What are your thoughts about the delay of DVD-Audio players and software?

What are your thoughts about the delay of DVD-Audio players and software?
Not happy, here's why
22% (39 votes)
A little upset
15% (28 votes)
Don't really care
44% (80 votes)
Actually relieved, here's why
17% (30 votes)
No opinion
2% (4 votes)
Total votes: 181

It looks as if the release of DVD-Audio players will be delayed by several more months. Any comments about the situation?

Sagebrush Sam's picture

It's assumed it's THE next thing. Downmixing from 6 channels on classic recordings? Huh? SACD is already out with seemingly no audible copy code. This copy protection scheme is ultimately self-defeating. Just bring the #&%^+ out already if it's so #%@$* superior. Jeez

Ron's picture

To Matsushita: Shita or get off the pot. Codes will always be broken; that's what we have nerds for.

Samir, DC's picture

...because current CD players are very mature products that provide real musical excitment and because 99.99% of new releases are still in the CD format and more than 99.999999999% of the music around the world is available on CDs.

D.  Cline's picture

More time to recharge my wallet!

Ben Blish's picture

I believe DVD-Audio is a boondoggle. There are VERY few CDs that are recorded well enough to take advantage of the medium; most are overcompressed (as you mention this month), or carry too high a level of background noise, or suffer from various other maladies arising at every level of the creative process. It's laughable to me that people are championing a format like DVD-Audio when the vast majority of the "problems" they perceive with regular CDs are the result of lousy recordings. By far the vast majority of people are satisfied with a 15kHz-bandwidth FM signal. That ought to tell the DVD-Audio people something, but they aren't listening to the people—they're listening only to themselves. Stillborn? No. More like unfertilized. :-)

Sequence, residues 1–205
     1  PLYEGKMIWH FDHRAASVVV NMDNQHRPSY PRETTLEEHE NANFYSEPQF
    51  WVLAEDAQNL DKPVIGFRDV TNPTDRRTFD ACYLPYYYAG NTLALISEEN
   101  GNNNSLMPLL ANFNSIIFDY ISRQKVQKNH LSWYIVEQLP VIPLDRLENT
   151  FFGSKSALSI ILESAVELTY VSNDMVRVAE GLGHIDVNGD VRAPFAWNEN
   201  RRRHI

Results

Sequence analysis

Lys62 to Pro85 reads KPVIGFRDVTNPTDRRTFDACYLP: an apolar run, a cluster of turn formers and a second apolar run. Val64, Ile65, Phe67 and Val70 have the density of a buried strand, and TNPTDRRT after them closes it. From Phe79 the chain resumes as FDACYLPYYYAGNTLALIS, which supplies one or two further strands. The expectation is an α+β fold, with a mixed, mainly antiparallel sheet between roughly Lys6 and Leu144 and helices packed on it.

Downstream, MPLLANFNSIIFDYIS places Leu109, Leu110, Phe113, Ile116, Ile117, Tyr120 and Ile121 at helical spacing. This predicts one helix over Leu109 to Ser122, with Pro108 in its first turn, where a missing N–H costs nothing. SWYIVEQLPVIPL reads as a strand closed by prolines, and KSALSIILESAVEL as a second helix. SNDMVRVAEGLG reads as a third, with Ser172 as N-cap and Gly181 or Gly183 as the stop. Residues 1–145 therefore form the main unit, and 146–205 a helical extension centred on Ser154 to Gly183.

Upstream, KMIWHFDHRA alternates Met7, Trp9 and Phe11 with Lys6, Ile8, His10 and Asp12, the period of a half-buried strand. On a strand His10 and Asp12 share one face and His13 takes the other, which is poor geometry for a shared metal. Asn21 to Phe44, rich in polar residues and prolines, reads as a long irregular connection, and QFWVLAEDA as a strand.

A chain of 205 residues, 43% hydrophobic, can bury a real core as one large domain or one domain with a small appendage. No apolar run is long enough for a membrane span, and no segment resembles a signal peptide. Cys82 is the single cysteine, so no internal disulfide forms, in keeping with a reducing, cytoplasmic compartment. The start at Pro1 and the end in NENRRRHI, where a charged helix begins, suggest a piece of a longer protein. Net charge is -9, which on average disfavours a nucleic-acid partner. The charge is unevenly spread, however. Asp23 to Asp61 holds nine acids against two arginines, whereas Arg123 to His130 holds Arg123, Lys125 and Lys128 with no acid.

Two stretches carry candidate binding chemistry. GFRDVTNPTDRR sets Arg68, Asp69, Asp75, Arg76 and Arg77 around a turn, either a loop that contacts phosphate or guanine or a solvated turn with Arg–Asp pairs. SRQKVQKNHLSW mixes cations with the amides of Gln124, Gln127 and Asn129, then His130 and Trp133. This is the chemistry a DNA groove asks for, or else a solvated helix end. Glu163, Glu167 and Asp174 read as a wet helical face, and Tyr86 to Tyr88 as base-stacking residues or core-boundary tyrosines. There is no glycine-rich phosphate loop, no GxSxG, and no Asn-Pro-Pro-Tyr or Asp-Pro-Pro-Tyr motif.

Federico Cribiore's picture

I am sure Sony must be licking their chops! Lord—what more could a marketer ask for? By the time DVD-A actually comes out, SACD will be established with a big catalog of music.

vern neal's picture

i would have to buy the dvd crap which is not better but different

Mike Hagerty's picture

Don't know that I need DVD-Audio or SACD.

Christopher Celli's picture